Full Title: The Post-Truth Era: Dishonesty and Deception in Contemporary Life, by Ralph Keyes (1st edition, St. Martin’s Press, 312 pages: 16 chapters; organised in 3 parts including a Notes, an Acknowledgements and an Index section) October 7, 2004, Hardcover
Author: Ralph Keyes is an American author and lecturer, born in 1945. He has written sixteen books including the bestselling ‘Is There Life After High School?’, which opened on Broadway as a musical in 1982 and is still produced all over the world. His 1995 book, ‘The Courage to Write’, is a must-read for aspiring authors. Keyes’s topics range from popular culture such as risk-taking, time pressure, loneliness, honesty, to human height. He is the 2002 recipient of the prestigious McKinsey Award for Best Article of the Year for an article co-authored for the Harvard Business Review.
After graduating from Antioch College in 1967, Keyes did graduate work at the London School of Economics and Political Science. From 1968 to 1970 he worked as an assistant to Bill Moyers, then the publisher of Long Island’s Newsday. From 19760 to 1980 he was a Fellow of the Center for Studies of the Person in La Jolla, California, before resorting to freelance writing and speaking in the Philadelphia area. Keyes now lives with his wife Muriel in Yellow Springs, Ohio where he continues to write books, give lectures, and serve as a trustee of the Antioch Writers’ Workshop.
I. HONESTY’S DECLINE
1) Beyond Honesty
A Whole Lotta Lyin’ / Whatever Happened to Honesty? / Post-Truthfulness / Euphemasia / Ledger Book Morality
2) A Brief History of Lying
The Liar’s Edge / Early Ethics /The Insider’s Guide to Honesty / Lie Regulation / Civil Society
3) The Honesty Connection
Community / Situational Dishonesty / Ethical Memories / Impression Management
4) Whistler’s Druthers
Myth America / The Reinvented Self / Roots?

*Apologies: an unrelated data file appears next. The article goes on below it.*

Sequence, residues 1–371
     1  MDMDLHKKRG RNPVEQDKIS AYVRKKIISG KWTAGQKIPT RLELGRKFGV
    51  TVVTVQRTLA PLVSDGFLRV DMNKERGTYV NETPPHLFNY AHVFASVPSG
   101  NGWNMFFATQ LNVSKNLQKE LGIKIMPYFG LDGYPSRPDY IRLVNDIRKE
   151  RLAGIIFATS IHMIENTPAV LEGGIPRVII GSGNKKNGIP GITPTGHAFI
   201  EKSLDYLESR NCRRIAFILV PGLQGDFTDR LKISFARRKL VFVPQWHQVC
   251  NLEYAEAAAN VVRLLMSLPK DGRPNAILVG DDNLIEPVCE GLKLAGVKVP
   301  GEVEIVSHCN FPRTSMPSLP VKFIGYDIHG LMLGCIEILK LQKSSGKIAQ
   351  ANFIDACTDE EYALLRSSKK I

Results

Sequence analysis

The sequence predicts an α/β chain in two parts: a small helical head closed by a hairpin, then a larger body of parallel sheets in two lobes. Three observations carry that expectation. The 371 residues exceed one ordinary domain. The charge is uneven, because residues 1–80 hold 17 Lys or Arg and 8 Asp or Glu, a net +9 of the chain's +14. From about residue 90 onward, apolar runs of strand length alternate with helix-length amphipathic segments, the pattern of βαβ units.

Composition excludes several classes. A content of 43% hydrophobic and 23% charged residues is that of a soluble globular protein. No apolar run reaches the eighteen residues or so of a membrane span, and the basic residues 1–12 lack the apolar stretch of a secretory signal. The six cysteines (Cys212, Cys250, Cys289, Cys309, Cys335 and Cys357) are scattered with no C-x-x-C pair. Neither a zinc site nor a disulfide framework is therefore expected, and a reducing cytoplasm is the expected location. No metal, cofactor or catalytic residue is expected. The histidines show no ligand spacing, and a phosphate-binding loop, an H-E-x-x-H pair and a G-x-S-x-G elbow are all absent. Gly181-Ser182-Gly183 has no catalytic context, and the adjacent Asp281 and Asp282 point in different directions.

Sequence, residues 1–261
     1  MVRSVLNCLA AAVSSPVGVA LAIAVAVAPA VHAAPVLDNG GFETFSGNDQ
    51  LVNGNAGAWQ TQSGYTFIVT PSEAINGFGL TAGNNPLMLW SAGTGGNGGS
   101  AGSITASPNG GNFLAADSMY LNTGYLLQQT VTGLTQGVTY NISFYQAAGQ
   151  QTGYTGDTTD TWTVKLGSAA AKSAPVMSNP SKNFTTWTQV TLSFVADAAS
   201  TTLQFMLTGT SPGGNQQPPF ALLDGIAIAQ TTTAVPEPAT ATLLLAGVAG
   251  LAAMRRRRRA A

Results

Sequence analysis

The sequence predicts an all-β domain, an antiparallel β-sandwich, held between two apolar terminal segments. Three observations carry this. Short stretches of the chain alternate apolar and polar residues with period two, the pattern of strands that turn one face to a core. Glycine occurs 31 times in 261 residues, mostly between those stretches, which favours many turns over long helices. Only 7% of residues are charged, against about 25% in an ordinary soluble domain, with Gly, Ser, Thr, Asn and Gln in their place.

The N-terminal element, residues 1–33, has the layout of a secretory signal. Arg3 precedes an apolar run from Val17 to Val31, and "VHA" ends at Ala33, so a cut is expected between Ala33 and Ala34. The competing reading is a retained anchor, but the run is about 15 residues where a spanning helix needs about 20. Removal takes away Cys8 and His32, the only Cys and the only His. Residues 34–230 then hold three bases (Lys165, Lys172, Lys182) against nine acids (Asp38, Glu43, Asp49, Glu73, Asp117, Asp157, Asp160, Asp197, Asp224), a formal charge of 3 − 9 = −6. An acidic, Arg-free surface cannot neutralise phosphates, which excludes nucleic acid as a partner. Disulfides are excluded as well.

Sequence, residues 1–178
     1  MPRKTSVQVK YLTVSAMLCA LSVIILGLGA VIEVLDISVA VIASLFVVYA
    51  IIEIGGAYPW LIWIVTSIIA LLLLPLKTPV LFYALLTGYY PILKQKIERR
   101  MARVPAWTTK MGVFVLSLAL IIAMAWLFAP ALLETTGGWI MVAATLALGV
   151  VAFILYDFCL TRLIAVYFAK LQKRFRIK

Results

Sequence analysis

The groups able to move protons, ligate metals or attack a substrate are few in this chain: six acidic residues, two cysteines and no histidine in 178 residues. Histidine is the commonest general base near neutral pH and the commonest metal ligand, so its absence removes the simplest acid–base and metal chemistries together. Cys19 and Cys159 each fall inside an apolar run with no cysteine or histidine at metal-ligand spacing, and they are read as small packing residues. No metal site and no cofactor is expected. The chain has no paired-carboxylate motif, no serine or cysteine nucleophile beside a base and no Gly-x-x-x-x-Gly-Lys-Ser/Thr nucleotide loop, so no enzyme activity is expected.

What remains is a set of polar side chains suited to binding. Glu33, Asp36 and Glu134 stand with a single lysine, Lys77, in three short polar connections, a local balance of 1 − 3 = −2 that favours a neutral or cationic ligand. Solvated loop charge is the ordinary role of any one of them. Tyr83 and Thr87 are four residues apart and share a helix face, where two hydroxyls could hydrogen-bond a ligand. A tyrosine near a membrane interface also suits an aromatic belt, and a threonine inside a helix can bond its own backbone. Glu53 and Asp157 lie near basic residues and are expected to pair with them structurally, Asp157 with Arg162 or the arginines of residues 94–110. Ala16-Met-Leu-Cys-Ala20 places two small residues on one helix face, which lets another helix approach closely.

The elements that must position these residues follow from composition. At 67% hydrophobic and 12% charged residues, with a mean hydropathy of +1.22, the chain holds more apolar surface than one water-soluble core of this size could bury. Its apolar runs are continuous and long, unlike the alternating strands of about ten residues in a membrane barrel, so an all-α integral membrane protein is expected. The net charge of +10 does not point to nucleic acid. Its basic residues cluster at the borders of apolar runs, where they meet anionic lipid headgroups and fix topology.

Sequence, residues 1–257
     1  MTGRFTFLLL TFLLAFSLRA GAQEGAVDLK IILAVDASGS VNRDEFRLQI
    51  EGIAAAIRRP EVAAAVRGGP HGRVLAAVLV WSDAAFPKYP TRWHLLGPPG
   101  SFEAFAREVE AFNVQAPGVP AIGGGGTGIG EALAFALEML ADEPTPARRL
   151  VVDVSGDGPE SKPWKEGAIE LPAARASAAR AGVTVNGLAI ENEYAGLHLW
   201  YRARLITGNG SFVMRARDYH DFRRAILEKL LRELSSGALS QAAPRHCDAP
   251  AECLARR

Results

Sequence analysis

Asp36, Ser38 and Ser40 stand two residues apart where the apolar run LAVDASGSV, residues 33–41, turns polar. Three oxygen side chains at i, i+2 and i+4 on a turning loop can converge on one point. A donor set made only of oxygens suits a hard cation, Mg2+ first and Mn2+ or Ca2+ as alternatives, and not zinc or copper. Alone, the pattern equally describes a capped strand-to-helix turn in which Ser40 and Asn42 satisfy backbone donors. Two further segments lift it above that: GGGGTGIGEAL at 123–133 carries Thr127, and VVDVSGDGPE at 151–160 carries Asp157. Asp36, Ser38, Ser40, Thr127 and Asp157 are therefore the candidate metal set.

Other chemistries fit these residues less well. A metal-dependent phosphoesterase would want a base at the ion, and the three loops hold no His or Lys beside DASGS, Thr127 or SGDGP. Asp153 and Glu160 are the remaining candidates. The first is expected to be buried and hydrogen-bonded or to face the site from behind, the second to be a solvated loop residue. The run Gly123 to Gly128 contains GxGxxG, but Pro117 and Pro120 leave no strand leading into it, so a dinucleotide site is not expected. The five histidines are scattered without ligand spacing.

5) Great Pretenders
Petty Fibbery / A Matter of Degrees / Imposeurs / Fields of Unfulfilled Dreams / Behind the Mask
6) Why Lie?
Insecurity / Recreation / Duping Delight / Adventure / Taking Charge
7) Sex, Lies, and Sex Roles
Sex Studies / Telling it Crooked / Erotic Deception / Relationships
II. ENABLING DISHONESTY
8) Mentors and Role Models
Therapists / Lawyers / Politicians / Entertainers
9) It’s Academic
On Campus / Larger Truths / Po Mo Profs / Heirs of Protagoras / Applied Postmodernism
10) Narrative Truths, and Lies
Narrative Truths / New Journalists / Driven Narratives / Creative Journalism / Ripple Effects
11) Masked Media
Hollywood Ethics / From Beaver to Baghdad / Narratives, Storylines, and Dramatic Arcs
12) Peter Pan Morality
Origins / Looking-Glass Ethics / “I Was There” / The Boomer Code
Techno-Aided Deception / No One Knows You’re a Dog / The Tangled Web / Enhanced Reality
III. CONSEQUENCES AND CONCLUSIONS
14) The Suspicious Society
Truth Bias to Lie Bias / Just Checking / Pinocchio’s Revenge / Wired Up / Lies and Consequences / Credibility Gaps
15) The Price of Prevarication
No Respect / Lieaholism / Craving Truth
16) The Case for Honesty
The Post-Ethics Honesty / The Well-Intentioned Liar / Honest Parenting / The Social Value of Honesty / Positive Trends / Honesty Redux
Why this one?